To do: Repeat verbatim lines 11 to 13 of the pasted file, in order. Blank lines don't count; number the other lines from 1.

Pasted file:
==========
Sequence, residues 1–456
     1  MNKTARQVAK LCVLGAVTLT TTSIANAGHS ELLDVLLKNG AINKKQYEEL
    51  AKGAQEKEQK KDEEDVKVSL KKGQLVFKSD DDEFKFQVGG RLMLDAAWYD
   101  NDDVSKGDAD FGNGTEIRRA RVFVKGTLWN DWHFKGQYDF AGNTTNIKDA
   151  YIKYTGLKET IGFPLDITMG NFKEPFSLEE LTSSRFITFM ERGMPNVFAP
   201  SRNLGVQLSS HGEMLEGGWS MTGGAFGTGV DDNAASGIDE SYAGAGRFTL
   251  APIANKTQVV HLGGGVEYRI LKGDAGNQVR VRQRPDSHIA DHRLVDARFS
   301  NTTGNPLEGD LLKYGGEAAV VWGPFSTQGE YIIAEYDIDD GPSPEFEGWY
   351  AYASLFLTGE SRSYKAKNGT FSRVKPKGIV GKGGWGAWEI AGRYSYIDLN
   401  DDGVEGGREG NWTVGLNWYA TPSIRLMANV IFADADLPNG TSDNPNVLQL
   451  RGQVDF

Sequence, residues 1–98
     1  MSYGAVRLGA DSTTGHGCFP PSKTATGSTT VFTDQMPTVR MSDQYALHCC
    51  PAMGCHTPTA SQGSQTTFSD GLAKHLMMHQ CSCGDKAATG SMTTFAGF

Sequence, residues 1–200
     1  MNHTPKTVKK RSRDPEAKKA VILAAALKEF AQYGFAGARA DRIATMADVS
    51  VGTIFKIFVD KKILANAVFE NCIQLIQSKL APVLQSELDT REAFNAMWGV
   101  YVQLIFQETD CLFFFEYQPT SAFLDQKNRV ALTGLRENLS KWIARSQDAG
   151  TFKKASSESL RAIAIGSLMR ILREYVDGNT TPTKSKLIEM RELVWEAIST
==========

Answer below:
   451  RGQVDF

Sequence, residues 1–98
     1  MSYGAVRLGA DSTTGHGCFP PSKTATGSTT VFTDQMPTVR MSDQYALHCC